Aztar Corp. v. MGM Casino, 2001 WL 939070, 59 U.S.P.Q.2d (BNA) 1460 (E.D. Va. Mar. 12 & Apr. 9, 2001).
Factual Background Edit
Plaintiff operated hotels and casinos under the federally registered mark TROPICANA. Defendant, a foreign corporation based in Antigua, operated an interactive gambling website under the name "Tropicana Casino" located at the domain name "tropicanacasino.com." Defendant also used the TROPICANA mark as a metatag.
Among other claims, plaintiff sued defendant for false designation of origin, trademark infringement, counterfeiting, dilution, and cybersquatting. Plaintiff served defendant under the Hague Convention, but defendant failed to file an answer.
Trial Court Proceedings Edit
The Magistrate judge recommended granting plaintiff's motion for default. Initially, the court held that it had personal jurisdiction over defendant based on its interactive gambling site. Turning to the merits, the court held that plaintiff established that defendant's "Tropicana Casino" website and the "tropicanacasino.com" domain name were certain to cause confusion among consumers and thus constituted infringement because defendant used plaintiff's mark in its entirety for identical services. Internet users seeking plaintiff's services by typing "tropicanacasino.com" in a browser or by entering the term "Tropicana or "tropicanacasino.com" into a search engine were likely to find defendant's site.
Turning to plaintiff's dilution claim, the court held that defendant's use of these words in its domain name on its website lessened the TROPICANA mark's power to exclusively identify plaintiff because Internet consumers would assume that defendant's online gambling website was connected to the world-famous Tropicana Casinos.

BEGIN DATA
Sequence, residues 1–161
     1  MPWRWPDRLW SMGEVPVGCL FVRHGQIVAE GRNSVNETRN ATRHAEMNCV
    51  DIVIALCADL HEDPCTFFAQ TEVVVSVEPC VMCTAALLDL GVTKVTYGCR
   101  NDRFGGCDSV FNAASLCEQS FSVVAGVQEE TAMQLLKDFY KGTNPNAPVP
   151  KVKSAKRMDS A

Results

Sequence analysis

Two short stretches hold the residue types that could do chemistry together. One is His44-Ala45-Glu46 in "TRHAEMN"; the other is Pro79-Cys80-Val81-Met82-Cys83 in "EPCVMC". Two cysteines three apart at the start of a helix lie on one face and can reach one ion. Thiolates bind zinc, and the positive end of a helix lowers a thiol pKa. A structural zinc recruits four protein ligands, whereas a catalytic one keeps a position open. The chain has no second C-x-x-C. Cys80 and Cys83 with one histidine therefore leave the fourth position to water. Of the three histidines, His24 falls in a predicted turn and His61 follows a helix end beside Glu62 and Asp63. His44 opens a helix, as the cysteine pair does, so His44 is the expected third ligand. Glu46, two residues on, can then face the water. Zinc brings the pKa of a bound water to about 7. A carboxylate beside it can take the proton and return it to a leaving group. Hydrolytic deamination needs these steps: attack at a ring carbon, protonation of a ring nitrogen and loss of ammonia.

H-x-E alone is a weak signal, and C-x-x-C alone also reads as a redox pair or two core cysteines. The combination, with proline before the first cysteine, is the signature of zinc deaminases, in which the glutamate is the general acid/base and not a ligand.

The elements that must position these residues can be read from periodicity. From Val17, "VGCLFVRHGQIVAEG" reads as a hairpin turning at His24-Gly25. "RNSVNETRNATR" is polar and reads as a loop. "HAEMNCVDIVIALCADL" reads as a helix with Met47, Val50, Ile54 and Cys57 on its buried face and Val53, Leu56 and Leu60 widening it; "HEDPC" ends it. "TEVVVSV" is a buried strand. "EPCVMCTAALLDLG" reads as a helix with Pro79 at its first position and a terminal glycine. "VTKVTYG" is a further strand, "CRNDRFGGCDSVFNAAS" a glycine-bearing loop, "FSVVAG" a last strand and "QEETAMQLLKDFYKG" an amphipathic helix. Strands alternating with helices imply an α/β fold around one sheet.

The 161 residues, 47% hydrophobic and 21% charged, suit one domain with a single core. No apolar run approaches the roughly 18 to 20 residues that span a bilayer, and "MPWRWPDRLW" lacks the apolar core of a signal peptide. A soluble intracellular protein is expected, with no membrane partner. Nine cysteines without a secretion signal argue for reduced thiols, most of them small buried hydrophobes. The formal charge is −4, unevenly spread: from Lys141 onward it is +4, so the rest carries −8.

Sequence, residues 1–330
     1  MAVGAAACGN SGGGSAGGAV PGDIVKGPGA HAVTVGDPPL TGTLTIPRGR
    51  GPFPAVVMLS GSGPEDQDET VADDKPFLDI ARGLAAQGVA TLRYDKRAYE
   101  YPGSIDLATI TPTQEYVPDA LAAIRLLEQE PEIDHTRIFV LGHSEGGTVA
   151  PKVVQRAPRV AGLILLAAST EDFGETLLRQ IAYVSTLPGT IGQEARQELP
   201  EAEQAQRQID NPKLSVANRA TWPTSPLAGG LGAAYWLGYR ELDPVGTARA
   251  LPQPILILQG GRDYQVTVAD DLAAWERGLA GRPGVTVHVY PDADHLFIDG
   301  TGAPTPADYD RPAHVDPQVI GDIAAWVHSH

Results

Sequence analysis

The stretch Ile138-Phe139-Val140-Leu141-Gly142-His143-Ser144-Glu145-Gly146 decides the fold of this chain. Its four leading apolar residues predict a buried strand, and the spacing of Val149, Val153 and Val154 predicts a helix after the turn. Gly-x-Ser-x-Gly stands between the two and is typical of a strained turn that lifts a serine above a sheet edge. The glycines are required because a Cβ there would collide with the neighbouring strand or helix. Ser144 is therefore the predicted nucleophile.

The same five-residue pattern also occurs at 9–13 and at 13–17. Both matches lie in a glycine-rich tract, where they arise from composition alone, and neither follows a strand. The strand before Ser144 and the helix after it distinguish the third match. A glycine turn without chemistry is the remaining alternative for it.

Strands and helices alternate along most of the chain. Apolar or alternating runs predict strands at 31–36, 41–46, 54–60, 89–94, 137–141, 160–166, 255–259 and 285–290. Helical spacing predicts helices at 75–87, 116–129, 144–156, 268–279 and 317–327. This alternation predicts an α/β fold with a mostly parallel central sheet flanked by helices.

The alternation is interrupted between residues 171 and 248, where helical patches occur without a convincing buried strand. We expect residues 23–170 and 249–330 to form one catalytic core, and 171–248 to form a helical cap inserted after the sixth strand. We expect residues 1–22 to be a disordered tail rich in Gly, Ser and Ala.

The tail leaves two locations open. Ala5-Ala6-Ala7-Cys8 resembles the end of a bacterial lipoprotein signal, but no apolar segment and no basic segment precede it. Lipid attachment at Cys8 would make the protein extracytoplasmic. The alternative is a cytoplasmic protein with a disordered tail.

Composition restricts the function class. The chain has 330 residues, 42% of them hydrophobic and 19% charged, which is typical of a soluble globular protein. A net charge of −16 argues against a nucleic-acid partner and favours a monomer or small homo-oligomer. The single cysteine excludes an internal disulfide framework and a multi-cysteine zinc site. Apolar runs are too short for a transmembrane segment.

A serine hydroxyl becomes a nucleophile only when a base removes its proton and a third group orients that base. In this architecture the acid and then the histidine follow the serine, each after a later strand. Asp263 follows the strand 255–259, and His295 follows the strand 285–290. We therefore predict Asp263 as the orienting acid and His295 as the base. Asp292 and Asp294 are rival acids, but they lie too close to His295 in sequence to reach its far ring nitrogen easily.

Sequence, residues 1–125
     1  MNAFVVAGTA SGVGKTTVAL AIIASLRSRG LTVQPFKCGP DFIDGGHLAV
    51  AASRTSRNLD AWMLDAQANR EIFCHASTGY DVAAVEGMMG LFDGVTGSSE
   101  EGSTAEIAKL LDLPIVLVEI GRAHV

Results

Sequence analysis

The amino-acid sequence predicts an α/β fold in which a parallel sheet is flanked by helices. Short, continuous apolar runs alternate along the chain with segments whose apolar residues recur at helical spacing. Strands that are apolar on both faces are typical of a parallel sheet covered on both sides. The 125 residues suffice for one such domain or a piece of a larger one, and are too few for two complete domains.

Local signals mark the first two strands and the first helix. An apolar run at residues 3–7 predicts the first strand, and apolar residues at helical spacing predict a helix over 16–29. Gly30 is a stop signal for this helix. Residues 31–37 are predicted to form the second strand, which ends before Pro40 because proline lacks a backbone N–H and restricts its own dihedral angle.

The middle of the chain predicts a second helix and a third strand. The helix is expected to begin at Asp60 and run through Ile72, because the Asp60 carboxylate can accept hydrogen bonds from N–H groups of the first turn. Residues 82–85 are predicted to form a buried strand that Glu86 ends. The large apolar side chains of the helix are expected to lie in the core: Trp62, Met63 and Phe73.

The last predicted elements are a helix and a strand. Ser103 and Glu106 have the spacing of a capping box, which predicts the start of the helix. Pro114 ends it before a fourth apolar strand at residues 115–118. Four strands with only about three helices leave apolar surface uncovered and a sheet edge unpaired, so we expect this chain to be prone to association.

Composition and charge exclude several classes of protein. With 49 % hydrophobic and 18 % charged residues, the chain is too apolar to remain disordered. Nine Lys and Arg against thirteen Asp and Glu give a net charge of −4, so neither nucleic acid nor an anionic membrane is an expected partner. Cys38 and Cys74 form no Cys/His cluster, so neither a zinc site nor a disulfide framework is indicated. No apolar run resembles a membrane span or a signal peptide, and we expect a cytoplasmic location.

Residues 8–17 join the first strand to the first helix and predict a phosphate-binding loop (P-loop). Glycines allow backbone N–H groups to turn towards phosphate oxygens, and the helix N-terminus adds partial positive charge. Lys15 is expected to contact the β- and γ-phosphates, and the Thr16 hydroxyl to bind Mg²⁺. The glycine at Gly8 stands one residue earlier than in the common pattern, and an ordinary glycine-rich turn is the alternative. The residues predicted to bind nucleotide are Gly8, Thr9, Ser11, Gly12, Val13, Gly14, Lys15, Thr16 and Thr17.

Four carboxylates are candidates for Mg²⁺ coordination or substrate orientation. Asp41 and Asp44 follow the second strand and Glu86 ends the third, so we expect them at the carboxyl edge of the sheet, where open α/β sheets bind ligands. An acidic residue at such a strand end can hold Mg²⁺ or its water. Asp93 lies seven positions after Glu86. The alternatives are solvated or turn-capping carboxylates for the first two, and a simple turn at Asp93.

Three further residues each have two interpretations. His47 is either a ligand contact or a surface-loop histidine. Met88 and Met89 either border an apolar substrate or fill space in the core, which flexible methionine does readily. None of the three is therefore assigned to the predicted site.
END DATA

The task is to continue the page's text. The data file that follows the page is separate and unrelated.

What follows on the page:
Further, defendant registered the name "tropicanacasino.com" with the bad-faith intent to profit from plaintiff's mark and thus violated the ACPA. Among other things: (1) defendant had no intellectual-property rights in the TROPICANA mark; (2) "tropicanacasino.com" was not comprised of defendant's legal or commonly known name; (3) defendant did not use its domain name before plaintiff's registration and use of the TROPICANA mark; (4) defendant intended to divert Internet users seeking plaintiff's websites to its own by causing consumer confusion; and (5) defendant registered multiple domain names containing other famous and distinctive marks.
As to relief, the Magistrate judge recommended: (1) issuance of a permanent injunction against use of the TROPICANA or any other confusingly similar marks or names; (2) transfer of the "tropicanacasino.com" domain name to plaintiff; (3) an award of $100,000 in statutory damages under the ACPA; (4) an award of attorney’s fees because the case was "exceptional" under the Lanham Act; and (5) an order requiring defendant to disseminate within 20 days after its entry "corrective advertisements in a form approved by the Court to acknowledge its violations . . . of the Lanham Act . . . , and to ameliorate the false and deceptive impressions produced by such violations."
On April 9, 2001, the court adopted the Magistrate judge's report and recommendations in their entirety.
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